There is always dead space under your bathtub if it is the kind that goes all the way to the floor. If you are lucky you will have a trap door that attaches with screws instead of finished drywall; however, any kind of trap door is accessible by other people as well as by you.

There are many dead-space places inside appliances like the bases of lamps, the vacuum cleaner, clothes washer, etc. but you might need to get time to disassemble them unobserved. Any time you do this you have to take into account the possibility that your spouse or roommate might break the appliance and throw it out or have the serviceman come out, or that you might break it and have to account for its humpty dumpty condition, so be careful.

Plates over switches and outlets might also work in places like a public bathroom with one seat, where you can lock the door and remove the outlet or light switch plate with a screwdriver. So you could even hide stuff at a gas station bathroom or something, unless you think they might renovate it.

Also speaking of tubes, if you can find a chain-link fence with posts, the tops of those posts sometimes come off and you can hide things down those tubes if you can get away with doing so unnoticed. This is also a good place to leave messages for someone else, and such a message-leaving place is called a “dead drop”.

Another use for a metal fence is this: Take a PVC pipe. Fill it with silver coins, or whatever metal. Put caps on the ends. I would glue it shut with that PVC plumbing glue to make it airtight, but the advice I saw also said to heat it up a bit first, to drive out moisture so your silver doesn't corrode. Bury it about 3 feet deep next to a metal fence and plant a bush over it so you remember where it is. The metal fence will foil any metal detectors. In addition, you could bury hunks of scrap metal (old car parts?) here and there in your yard. That would keep any jerk with a metal detector busy for a while finding worthless scrap.

If you can get the trim off the baseboards of your kitchen cabinets, there is a lot of space under there. You could hide large amounts of money, guns, jewels, or coins; or just an overnight bag for the quick getaway. Be careful though: do not store paper money where mice might go. More people have lost their nest egg to a mouse nest. A best bet to keep the mice away from your stash is to store it in metal boxes. You could use a metal briefcase or any sort of other metal tin or box. Or maybe a PVC pipe like I described above.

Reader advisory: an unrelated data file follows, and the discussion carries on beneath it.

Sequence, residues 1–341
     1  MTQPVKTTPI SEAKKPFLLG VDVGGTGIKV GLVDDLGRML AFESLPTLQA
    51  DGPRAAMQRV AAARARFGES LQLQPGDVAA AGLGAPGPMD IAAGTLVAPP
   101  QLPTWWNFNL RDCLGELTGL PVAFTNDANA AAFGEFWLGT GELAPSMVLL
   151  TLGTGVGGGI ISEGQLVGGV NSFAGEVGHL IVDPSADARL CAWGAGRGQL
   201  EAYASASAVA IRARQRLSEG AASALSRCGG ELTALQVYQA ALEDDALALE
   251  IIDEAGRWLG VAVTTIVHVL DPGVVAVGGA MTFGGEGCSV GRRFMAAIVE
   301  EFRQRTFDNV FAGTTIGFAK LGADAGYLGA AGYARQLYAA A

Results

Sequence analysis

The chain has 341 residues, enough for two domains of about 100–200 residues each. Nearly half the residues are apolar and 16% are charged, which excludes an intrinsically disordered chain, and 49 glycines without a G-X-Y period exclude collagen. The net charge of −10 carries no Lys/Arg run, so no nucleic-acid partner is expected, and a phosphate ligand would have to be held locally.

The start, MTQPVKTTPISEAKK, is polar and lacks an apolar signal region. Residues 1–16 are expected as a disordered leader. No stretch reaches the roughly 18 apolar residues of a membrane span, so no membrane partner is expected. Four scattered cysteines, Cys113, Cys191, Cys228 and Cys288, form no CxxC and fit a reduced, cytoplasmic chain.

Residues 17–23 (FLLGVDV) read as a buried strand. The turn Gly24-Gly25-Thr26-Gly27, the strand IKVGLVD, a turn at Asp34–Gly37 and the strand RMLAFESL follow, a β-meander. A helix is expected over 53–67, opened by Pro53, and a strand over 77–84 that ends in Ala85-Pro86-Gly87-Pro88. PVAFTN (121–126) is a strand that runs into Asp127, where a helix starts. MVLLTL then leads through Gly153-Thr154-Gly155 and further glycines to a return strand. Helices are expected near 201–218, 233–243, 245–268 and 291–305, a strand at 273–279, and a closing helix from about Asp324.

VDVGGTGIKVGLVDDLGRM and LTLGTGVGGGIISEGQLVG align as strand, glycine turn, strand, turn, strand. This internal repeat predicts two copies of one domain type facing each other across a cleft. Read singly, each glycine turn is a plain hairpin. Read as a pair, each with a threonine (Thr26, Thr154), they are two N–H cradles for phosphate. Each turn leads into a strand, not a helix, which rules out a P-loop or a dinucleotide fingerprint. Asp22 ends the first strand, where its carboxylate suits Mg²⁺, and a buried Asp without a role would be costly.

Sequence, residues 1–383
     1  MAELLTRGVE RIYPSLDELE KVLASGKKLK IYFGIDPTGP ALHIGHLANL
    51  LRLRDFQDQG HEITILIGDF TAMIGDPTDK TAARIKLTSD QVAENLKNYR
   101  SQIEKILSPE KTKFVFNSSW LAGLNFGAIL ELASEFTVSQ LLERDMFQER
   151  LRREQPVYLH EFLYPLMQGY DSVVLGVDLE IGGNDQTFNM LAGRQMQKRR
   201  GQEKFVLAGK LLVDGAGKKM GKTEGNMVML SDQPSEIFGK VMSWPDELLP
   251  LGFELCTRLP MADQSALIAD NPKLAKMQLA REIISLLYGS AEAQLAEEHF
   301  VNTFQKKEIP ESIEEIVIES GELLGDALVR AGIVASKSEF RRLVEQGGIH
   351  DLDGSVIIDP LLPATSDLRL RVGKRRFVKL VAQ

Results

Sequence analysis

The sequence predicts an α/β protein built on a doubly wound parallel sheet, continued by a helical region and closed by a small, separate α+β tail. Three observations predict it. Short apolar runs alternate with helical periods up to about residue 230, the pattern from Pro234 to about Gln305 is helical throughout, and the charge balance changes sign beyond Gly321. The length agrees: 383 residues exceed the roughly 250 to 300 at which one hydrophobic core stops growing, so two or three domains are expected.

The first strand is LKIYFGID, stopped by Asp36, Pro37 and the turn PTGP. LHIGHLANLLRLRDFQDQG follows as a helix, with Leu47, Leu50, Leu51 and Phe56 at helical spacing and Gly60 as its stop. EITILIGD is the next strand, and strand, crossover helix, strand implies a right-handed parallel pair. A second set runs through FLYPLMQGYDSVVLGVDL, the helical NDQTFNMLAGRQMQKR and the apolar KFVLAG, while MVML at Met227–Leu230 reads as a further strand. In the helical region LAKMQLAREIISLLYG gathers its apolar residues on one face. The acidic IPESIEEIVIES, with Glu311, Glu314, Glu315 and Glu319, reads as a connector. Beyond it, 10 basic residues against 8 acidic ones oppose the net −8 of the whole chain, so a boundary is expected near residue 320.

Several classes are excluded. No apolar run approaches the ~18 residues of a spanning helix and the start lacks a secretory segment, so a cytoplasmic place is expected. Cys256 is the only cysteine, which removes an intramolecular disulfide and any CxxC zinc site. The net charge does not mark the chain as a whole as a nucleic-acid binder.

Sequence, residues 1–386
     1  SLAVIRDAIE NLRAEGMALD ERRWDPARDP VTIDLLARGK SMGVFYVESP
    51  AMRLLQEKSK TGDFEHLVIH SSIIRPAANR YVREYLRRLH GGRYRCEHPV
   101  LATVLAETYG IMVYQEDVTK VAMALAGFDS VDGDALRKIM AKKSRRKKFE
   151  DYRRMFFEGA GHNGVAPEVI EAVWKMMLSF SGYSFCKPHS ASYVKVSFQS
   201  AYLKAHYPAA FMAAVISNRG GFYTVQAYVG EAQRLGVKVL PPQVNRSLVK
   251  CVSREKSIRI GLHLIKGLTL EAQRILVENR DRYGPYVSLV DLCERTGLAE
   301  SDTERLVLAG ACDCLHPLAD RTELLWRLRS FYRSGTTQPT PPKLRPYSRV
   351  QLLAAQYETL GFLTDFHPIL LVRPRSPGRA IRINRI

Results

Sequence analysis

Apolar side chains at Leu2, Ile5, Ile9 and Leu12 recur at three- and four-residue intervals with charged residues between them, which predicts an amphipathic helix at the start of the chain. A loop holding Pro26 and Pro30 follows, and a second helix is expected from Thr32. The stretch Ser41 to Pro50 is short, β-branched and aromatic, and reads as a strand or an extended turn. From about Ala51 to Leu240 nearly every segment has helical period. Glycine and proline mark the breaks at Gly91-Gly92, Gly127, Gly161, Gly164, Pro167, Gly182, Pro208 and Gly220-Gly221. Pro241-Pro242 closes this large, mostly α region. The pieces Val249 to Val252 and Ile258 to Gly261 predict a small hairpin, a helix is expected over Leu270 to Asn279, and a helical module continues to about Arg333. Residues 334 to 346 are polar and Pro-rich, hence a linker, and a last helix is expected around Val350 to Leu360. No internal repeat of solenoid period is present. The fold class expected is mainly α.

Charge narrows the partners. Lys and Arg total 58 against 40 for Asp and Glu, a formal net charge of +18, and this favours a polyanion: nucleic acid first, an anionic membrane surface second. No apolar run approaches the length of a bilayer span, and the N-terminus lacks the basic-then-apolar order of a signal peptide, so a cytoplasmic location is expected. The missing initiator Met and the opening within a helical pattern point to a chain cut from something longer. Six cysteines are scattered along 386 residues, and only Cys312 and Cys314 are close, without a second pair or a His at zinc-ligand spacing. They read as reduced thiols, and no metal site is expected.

If you can get the sheet metal of your heat vent detached so you can get into the space of the wall or floor outside the vent and then reattach the vent, that would make a great place to hide stuff you don’t need to get at often. Sometimes they are just screwed or nailed in.

Sometimes old houses have dead space in them, especially in the attic. You have to pay attention to the layout of rooms and walls.


hiding/protecting valuables from the maid and guests

I got this idea from writer and astrologer Anita Sands. If you have a maid, give the maid her own closet to lock, both of you have the key. Maybe a hallway closet?  The maid is to put anything she finds lying out (forgotten cameras, etc.) into her closet for storage until it's claimed. Then you put the stuff you don’t want her to get in your bedroom closet. Lock both the bedroom and the closet whenever you aren’t in them and don’t give her a key. Alternatively use a different room, like a spare bedroom in the same way.

hiding valuables from burglars

don’t put it in any obvious place in the bedroom, don’t put it in your mattress or dresser, don’t tape it to the bottom of drawers either. Hide it in an old piece of junk, broken toy, old decrepit TV or something like that. (if taking apart a CRT (the old kind) TV unplug it and avoid touching the flyback transformer which looks like a suction cup on the top of the back of the tube. You can use a plastic handled screwdriver to discharge it if you want though. It stores a big static shock but it won’t kill you.).

If you think you may be kicked out of the house, then don't stash your cash in the house.  You can hide quite a bit of cash inside your spare tire.  Deflate it, put the cash in, and re-inflate it.  If you don't want it banging around inside the tire, then duct tape it in a baggie to the rim.   I imagine this might make the tire not work quite right as a spare if you got a flat, unless it was just a few pieces of paper in there.  So you are taking the risk of getting a flat while hiding money in the donut.